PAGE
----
The FBI confirmed hacker group DarkSide is responsible for the ransomware attack that forced the suspension of the critical supply line for US East Coast fuel products
Colonial Pipeline hopes to “substantially restore” operations along its network by the end of this week following a cyber-attack the FBI has today attributed to the hacking group known as DarkSide.
Services along the 5,500-mile system remain largely offline four days after the cybersecurity breach was noticed last Friday (7 May), cutting off a key artery that supplies around 45% of the fuel products used on the US East Coast.
The Georgia-based company was forced to shut down its entire network following the ransomware breach, and while it says some smaller lateral lines between terminals and delivery points are now operational, the four mainlines of the system still remain offline.
Colonial operates the US’ largest refined products pipeline, stretching along the eastern seaboard and transporting petroleum products from Gulf Coast refineries throughout the south and east of the country to as far north as New Jersey.
More than 2.5 million barrels of fuel products are normally moved each day, including gasoline, diesel, jet fuel, home heating oil and fuel used by the US military.
FBI confirms DarkSide responsible for Colonial Pipeline ransomware attack
The cyber-attack is one of the most audacious ever targeted at major energy infrastructure, prompting a major investigation by US authorities and raising concerns about supply disruptions and their impact on fuel prices.
Amy Myers Jaffe, director of the Climate Policy Lab at Tufts University Fletcher School, told Politico the incident is “the most significant, successful attack on energy infrastructure we know of in the United States”.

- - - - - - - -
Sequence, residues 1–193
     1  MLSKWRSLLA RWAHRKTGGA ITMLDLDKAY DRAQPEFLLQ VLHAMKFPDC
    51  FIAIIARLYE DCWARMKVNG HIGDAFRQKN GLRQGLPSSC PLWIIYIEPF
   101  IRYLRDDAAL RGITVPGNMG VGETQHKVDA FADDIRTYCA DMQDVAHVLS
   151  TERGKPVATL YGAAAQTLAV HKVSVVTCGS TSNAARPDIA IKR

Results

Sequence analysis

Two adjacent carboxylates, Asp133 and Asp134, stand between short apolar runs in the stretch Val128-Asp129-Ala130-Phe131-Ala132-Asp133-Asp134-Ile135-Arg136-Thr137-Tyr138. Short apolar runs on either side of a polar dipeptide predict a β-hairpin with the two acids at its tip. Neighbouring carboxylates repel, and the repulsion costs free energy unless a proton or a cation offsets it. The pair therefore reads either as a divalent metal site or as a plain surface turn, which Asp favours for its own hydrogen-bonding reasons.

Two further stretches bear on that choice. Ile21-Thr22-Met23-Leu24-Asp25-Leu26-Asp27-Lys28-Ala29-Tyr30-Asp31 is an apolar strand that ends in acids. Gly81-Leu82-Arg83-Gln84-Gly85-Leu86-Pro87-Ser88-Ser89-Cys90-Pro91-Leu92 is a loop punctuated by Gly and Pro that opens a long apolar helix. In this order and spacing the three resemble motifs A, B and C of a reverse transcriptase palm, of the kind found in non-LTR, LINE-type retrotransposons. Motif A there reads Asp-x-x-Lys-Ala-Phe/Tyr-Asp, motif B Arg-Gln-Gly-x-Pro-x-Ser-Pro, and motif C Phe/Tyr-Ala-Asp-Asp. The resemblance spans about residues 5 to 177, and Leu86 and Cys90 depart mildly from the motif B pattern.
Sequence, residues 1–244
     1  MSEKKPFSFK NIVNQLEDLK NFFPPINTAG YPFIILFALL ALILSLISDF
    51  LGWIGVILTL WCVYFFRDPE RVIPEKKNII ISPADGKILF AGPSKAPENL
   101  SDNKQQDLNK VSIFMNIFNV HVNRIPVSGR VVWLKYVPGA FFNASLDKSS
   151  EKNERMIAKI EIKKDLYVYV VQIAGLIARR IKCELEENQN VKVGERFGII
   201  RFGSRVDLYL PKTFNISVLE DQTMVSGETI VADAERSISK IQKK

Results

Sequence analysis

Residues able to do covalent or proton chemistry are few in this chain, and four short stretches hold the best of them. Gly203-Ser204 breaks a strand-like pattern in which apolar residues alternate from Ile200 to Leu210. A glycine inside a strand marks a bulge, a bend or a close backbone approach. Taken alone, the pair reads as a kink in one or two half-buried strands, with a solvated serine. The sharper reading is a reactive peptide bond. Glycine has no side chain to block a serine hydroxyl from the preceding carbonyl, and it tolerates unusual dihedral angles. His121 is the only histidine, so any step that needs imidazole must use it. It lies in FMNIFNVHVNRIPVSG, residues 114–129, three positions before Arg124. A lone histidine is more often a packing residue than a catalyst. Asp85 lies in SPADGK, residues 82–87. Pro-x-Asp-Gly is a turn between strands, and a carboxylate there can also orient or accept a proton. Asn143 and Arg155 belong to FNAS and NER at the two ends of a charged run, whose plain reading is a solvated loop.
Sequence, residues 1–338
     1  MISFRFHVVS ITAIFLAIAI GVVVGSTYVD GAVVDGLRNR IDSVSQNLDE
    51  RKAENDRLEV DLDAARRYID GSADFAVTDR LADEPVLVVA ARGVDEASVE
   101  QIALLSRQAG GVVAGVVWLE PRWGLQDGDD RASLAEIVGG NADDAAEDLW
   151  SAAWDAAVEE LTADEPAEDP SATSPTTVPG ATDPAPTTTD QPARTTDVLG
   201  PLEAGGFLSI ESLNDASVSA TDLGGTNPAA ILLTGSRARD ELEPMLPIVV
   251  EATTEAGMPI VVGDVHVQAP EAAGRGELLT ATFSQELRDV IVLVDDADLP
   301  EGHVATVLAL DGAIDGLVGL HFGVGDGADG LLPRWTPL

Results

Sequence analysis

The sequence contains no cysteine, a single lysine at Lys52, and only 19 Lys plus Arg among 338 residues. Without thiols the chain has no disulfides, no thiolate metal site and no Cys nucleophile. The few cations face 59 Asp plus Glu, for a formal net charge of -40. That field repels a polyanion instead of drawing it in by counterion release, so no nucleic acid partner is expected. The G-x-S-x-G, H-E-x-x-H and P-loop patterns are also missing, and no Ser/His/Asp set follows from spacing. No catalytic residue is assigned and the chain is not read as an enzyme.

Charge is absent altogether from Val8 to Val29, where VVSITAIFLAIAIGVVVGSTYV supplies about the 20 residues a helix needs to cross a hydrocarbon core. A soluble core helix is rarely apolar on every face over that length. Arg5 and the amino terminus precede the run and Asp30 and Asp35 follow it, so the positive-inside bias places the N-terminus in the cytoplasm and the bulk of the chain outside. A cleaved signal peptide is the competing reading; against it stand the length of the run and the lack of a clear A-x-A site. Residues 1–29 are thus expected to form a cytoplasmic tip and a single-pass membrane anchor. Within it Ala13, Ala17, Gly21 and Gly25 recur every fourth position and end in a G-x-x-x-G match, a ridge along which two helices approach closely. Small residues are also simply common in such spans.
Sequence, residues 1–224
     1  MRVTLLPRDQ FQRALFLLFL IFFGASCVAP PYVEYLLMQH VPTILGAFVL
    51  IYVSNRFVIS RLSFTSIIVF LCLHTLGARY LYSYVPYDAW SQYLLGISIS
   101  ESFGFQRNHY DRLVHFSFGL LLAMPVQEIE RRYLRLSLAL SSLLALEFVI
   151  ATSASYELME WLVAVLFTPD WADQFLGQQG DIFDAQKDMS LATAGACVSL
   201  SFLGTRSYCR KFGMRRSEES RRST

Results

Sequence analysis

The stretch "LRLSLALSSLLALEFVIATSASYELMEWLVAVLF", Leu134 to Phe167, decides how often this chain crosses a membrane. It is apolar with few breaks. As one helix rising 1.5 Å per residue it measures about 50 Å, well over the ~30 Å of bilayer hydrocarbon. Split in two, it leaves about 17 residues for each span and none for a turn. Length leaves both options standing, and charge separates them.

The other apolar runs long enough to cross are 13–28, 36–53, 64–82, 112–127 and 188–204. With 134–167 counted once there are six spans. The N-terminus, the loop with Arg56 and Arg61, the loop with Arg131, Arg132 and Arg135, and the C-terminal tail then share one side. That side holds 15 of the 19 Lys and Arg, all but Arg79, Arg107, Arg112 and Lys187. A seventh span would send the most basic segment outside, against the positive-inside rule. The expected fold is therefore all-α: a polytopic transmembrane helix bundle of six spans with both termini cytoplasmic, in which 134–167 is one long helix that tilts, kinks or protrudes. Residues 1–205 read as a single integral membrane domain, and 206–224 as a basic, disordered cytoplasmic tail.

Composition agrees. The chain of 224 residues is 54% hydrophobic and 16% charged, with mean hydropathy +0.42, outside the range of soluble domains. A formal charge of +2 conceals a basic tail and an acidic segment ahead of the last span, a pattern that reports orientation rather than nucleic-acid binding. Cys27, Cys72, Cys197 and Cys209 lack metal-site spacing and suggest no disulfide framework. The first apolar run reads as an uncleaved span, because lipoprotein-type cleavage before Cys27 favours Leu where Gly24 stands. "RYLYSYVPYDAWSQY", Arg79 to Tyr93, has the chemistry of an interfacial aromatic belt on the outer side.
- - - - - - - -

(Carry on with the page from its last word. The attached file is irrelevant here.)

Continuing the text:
The FBI confirmed in a statement “the DarkSide ransomware is responsible for the compromise of the Colonial Pipeline networks” and that it will continue to work with the company and other government agencies as the investigation progresses.
On Sunday, the US government issued emergency legislation for a “temporary hours of service exemption” for the transportation of fuel by road, meaning delivery drivers in several affected states can work more flexible hours to minimise shortages.
Experts suggest a swift resumption of operations would avoid too much market disruption, but a prolonged suspension of the network could impact fuel prices.
In an update published earlier today, Colonial Pipeline said the situation “remains fluid and continues to evolve” and that it executing a plan to incrementally facilitate a return to service in a phased approach.
The company has been coordinating with the US Department of Energy as part of the government’s investigation.
“We continue to evaluate product inventory in storage tanks at our facilities and others along our system and are working with our shippers to move this product to terminals for local delivery,” the company added.
In a statement seemingly issued by the hacking group and reported by several news agencies, DarkSide said its intentions were not political and it should not be linked to a “defined government”.
“We are apolitical, we do not participate in geopolitics,” the statement reads, without specifically referencing Colonial Pipeline. “Our goal is to make money, and not creating problems for society.”
DarkSide ransomware gang, which shut down the largest oil pipeline in the U.S., posted a notice that their only goal was money. pic.twitter.com/uZUkWz6rpi
— DarkTracer : DarkWeb Criminal Intelligence (@darktracer_int) May 10, 2021